Do you think that, if someone has cancer and they wanna be well, do you think the way that someone thinks is important ?

Absolutely, that’s very important because, this, uh, can be translated, ah, to various biochemicals which can influence cancer
So obviously this is very important but, the question is how to, ah, direct this in the proper way
How to quantify this
So that’s something that should be done in the future

And nutrition as well

Yes, absolutely, yes
Why all have a lot of important chemicals in nutrition which can effectuate cancer, but regarding the mind you have to translate, uh, for instance, biophysical factors, in the brain, into biochemical factors, and certainly, that’s what the body’s doing all the time, but how to mobilize it, that’s a different story

So if someone wants, if someone came to the Burzynski Clinic, wh, wh, what could they expect, to happen here?

Well 1st of all, we would like to give a selection, and we don’t want the people who we cannot treat to come
Uh, at this time we rather avoid, uh, patients in early stages of cancer, because with such patients, uh, what is used is standard of care treatment, and we prefer to refer them to, ah, different doctors
So we prefer to treat it once cancer patient, because, uh, they cannot be helped by the other doctors, and, uh, when they come to our clinic, we try to find out 1st, see if we can really help them or not, and, uh, once they come to the clinic, in most of the cases we can try to, help them, of course, and, uh, we put together, the personalized treatment plan, which is (?)

But all of those go through you
You look at every single one of those

I’m seeing every patient, who’s coming, if I’m


if I’m around here, but, after that all the patients are really assigned to different senior physician and they’re responsible for daily care of patient here

How many people do you have, working here now ?

About 150 people here, yes

And you started with, well, just one (?)

Eh, I think really when we moved from Baylor College I had about 7 people at that time


Yes, because, some of these doctors who are working together at Baylor College decided to leave together with me, including my wife, because she was also working at Baylor College



Thank you

You’re welcome
My pleasure

Thank you so much

Thank you very much


Long-term Survival (>13 Years) in a Child With Recurrent Diffuse Pontine Gliosarcoma: A Case Report

I was trying my hardest to find out if self-proclaimed (cough, hack) “cancer researcher” (hack, cough) Dr. David H. Gorski née “Orac” had managed to be published as an author on a Phase II clinical trial publication yet (he hasn’t), and I came across this publication:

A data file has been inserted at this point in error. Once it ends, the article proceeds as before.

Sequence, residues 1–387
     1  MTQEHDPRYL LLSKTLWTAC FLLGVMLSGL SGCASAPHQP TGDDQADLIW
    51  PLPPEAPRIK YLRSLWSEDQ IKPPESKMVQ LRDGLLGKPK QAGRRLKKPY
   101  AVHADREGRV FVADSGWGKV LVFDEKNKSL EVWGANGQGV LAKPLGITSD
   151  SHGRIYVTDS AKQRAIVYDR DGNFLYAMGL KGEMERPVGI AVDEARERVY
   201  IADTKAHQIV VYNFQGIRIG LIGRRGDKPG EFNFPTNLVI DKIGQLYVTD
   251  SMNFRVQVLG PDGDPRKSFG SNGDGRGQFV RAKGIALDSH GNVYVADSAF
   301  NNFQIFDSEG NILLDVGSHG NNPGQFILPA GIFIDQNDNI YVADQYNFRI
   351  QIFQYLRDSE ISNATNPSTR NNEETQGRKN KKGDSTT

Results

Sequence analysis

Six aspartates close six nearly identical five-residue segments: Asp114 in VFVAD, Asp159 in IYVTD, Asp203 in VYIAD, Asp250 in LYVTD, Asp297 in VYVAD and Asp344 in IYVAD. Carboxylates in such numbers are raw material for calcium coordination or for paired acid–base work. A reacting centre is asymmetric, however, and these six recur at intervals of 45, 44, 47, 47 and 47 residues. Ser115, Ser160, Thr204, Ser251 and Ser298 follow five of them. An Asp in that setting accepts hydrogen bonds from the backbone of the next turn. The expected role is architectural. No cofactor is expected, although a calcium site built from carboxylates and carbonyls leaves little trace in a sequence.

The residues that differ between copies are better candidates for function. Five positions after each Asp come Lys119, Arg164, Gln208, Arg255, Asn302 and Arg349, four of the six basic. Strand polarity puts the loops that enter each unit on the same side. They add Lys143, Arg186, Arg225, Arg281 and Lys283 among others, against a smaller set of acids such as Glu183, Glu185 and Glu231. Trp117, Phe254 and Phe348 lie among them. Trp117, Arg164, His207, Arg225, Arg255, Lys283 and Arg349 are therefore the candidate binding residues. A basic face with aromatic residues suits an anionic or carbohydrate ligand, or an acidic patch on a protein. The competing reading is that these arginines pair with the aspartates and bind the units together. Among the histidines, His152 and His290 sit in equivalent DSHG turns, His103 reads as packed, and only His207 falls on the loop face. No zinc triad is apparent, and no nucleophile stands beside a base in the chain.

Gorski; who is NOT a biochemist (and probably wouldn’t know a cell unless he was in one), don’t forget to check the Impact Factor as I’m sure the FDA will give a rat’s ass about that kind of “pissing contest”, any day now! 🙂

J Pediatr Hematol Oncol. 2013 Oct 23. [Epub ahead of print]
Burzynski SR, Janicki TJ, Burzynski GS, Marszalek A.

“The Skeptics™” Mark McAndrew is Trollolo

“The Skeptics™” Mark McAndrew #whining on “The Telegraph” while citing Guy Chapman’s blog, claims I shouldn’t be citing my own blog, but he does NOT have any problem whatsoever with his Skeptic guy friend, Guy Chapman, citing HIS own blog


This is why I’m Hipocritical of “The Skeptics™”


Mark McAndrew citing Guy Chapman’s (blahg) blog

Guy Chapman citing his own (blahg) blog TWICE

Guy Chapman citing his own (blahg) blog TWICE

Guy Chapman citing his own (blahg) blog

Guy Chapman citing his own (blahg) blog


Note below, how the moderator leaves my comment as “This comment is awaiting moderation. Show comment”, so that the reader has to select “Show comment” in order to see my reply


Guy Chapman

All of homeopathy, or just the imponderables?
Didymus Judas Thomas

Mr. Chapman, I’m quite surprised that you’ve been mum about this particular Homeopathy publication on PubMed?

Cell Biochem Funct. 2013 Feb 13. doi: 10.1002/cbf.2960
[Epub ahead of print]

Stimulation of natural killer cells for homoeopathic complexes: An in vitro and in vivo pilot study in advanced cancer patients.
Guy Chapman does NOT want to acknowledge that this publication exists

Note below, Mark McAndrew’s comment which gets deleted


Mark McAndrew, you must be the Troll under the bridge that people have to cross to get to the party

#8 – Mark McAndrew – October 22, 2013

Thanks Orac, great takedown

Perhaps you should ask the Telegraph for right of reply?

As a real oncologist (whose entire profession is under attack by these pricks) you have the moral authority to demand it

Comments were fun tho

Although debating the spectacular embarrassment that is Sandra Courtney was a bit like going ten rounds with a propped-up corpse

Good exercise, but not exactly testing

Nor hygienic

BTW, lilady, you’ve accidently upvoted one of the Demented One’s posts, the entirely non-ironic

“I think I have exposed your and other skeptics’ credibility as well

Actually, better than you think you have tarnished mine

More batty arrogance on display.”

(Is it true she reckons magic water saved her life from mercury poisoning from her fillings?

Gods, what a freak!)

[1] – “The Skeptics™” Bum Rush “The Telegraph” (@Telegraph): I Feel Empowered, In Control Of My Body: Four Women On Fighting Cancer With Alternative Therapies
[2] – Bias Biased “The Telegraph” Censor “Telegraph” Censors “The Daily Telegraph” Censored “The Sunday Telegraph” Censoring Censorship (@Telegraph): I Feel Empowered, In Control Of My Body: Four Women On Fighting Cancer With Alternative Therapies